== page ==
BVN Architecture; Six Degrees Architects; Chenchow Little Architects and Officer Woods are all recipients of a National Architecture Award in the Residential Architecture category for multiple housing.  

The Frederick Romberg Award for Residential Architecture — Multiple Housing award has been won by BVN Architecture for the design of Monash University Student Housing, Clayton.

The jury said:

"Monash University Student Housing, Clayton, comprises two five-storey buildings, each containing three hundred studios, flanking a central, common courtyard. A home away from home, the project successfully nurtures the student community while supporting the individual — the courtyard is the meeting point and entry to each building and where students interact between the private spaces and the common areas.

Shared spaces and vertical circulation are located at the centre of each building, encouraging interaction. The main communal spaces are double-storey volumes that play an important role in connecting all levels and defining the architectural composition. Each wing of the building has a cohort of thirty studios per level. At twenty square metres, the studio module — each studio with an ensuite, kitchenette, sleeping and study spaces — was refined to create a sense of spaciousness, incorporating extensive operable floor-to-ceiling windows and exposed 2.7-metre-high ceilings, with services contained at central risers. The external mass is effectively minimised and serially patterned by the offset coupling of units clad in vertical timber. The landscape environment is planted with an edible garden to encourage community use, recreation and provision, which enhances the sense of community.

This project has achieved a 5 Star Green Star As Designed rating and is in the process of assessment for a 5 Star Green Star As Built rating. It has been identified as a new benchmark for the federal government’s National Rental Affordability Scheme."

Photography by John Gollings

Six Degrees Architects has taken out the National Award for Residential Architecture — Multiple Housing for the Heller Street Park and Residences.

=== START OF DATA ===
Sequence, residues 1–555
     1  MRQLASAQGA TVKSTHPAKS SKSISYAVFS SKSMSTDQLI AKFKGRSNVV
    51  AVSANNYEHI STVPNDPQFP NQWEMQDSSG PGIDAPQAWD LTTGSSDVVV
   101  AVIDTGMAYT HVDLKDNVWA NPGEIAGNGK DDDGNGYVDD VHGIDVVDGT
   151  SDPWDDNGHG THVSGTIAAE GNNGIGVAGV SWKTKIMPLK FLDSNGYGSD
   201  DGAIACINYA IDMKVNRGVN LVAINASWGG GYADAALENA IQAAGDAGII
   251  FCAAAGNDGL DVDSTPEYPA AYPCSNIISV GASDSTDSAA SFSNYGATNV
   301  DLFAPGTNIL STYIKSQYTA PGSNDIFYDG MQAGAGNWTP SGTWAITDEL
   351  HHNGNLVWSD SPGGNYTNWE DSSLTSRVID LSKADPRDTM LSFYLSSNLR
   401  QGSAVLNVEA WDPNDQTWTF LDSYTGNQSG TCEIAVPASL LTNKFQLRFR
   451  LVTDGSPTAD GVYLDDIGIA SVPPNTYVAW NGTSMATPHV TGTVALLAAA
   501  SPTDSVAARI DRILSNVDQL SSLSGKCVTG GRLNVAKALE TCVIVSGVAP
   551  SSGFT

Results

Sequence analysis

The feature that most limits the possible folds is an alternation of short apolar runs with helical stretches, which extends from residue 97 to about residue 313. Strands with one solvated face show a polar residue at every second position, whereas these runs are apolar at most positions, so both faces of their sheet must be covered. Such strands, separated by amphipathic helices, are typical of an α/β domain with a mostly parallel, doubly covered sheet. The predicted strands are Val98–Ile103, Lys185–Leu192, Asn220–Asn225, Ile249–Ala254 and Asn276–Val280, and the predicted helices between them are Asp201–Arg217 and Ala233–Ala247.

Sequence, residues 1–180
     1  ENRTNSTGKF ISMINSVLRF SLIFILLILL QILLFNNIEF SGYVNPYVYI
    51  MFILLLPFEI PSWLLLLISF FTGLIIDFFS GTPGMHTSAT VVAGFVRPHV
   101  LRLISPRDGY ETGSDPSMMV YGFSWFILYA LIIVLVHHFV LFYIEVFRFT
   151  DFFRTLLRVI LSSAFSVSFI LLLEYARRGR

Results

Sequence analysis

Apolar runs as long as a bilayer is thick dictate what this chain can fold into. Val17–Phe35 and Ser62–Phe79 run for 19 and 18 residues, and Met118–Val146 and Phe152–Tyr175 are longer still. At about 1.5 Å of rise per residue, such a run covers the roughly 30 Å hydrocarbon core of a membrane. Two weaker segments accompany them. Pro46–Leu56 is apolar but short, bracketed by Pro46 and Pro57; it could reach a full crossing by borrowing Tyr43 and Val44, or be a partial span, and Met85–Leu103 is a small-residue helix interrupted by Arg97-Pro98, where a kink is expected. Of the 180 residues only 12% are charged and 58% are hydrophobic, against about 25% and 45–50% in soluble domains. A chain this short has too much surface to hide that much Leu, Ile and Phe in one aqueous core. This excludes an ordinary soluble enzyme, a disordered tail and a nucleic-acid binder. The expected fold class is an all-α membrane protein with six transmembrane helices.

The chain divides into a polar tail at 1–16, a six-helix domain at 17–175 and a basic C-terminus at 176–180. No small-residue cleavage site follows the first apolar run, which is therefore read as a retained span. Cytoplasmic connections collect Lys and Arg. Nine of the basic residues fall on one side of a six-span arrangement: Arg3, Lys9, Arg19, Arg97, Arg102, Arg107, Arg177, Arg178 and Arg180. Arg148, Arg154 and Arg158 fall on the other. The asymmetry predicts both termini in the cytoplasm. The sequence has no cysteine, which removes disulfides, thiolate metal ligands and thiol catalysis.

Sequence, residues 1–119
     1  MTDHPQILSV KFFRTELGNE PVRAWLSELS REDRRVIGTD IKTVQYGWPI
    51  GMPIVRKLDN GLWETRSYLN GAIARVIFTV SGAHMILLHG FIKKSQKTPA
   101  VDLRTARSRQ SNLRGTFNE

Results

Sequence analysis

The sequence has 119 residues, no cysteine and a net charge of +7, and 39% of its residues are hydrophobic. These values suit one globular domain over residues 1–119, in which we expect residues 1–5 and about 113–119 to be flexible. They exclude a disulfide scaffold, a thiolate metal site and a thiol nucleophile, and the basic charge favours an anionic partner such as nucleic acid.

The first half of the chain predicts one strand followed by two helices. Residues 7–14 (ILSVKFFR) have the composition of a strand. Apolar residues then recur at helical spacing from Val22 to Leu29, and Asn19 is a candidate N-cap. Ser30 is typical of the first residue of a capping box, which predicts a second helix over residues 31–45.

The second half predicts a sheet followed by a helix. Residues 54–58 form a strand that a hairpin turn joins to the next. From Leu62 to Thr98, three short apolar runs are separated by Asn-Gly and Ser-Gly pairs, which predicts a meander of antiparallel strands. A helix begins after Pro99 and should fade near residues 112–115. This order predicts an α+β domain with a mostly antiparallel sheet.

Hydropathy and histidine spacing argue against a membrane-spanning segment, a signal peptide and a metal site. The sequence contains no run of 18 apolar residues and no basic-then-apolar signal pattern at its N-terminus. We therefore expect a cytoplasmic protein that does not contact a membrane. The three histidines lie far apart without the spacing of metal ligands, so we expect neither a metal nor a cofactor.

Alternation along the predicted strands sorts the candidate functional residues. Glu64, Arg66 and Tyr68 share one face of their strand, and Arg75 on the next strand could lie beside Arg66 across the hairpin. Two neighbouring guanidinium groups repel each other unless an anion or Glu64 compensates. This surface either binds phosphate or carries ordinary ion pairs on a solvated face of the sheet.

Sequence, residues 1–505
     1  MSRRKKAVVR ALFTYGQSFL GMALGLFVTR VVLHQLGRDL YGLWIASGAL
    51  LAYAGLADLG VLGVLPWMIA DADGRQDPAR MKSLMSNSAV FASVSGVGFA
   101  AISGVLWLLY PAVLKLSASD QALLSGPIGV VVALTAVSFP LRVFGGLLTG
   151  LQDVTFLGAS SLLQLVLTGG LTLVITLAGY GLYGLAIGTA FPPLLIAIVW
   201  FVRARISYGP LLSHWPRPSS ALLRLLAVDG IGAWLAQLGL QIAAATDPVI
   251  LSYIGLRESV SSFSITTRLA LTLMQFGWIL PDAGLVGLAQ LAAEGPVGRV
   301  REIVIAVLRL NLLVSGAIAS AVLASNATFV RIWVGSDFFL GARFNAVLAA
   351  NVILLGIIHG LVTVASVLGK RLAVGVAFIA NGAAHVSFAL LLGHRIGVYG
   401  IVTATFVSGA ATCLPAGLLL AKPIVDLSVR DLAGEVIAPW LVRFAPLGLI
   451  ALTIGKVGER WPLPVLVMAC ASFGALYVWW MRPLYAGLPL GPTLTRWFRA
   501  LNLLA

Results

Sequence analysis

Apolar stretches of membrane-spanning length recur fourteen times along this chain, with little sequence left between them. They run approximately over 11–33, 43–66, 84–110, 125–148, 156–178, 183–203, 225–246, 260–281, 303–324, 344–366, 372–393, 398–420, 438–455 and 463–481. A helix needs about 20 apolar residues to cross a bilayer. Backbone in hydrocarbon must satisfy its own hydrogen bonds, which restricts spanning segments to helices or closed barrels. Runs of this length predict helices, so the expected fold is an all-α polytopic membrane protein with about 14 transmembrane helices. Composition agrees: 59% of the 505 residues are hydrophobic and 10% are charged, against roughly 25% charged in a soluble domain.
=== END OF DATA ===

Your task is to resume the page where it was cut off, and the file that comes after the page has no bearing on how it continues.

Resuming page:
The jury said:

"Nestled into the suburban landscape of Melbourne’s Brunswick, Heller Street represents a new approach to increasing the density of inner suburbs. A disused contaminant clay pit has been transformed into a multi-residential cluster and community park. Settled with ease into the surrounding landscape, the ten timber-clad townhouses form a residential archetype in which communal living is carefully curated, equally borrowing from and supporting the council parkland that defines two thirds of the site.

Designed to house families, these residences have brought the traditional back garden to the forecourt of the development. Extrapolating notions of the migrant community, in which the front porch acts as a mechanism for direct engagement with the daily happenings on the street, this modest development encourages its inhabitants to spill out into the common space, providing a communal dialogue between neighbouring properties.

The rolling landscape mitigates the scale of the three-storey-plus-roof-terrace development. The concealment of basement car parking below allows for a gravel transition from the north-facing living zone terraces to the parkland. Carefully crafted interior spaces effectively utilize the north-south orientation within the development, providing a usable buffer to the southern boundary. The integration of joinery is used as a mechanism for defining and celebrating the use of space. As the chatter and delight of children playing within their realm activate the site, one is aware of the generosity this development brings to the surrounding community, whose members are encouraged to engage and adopt the park as their own."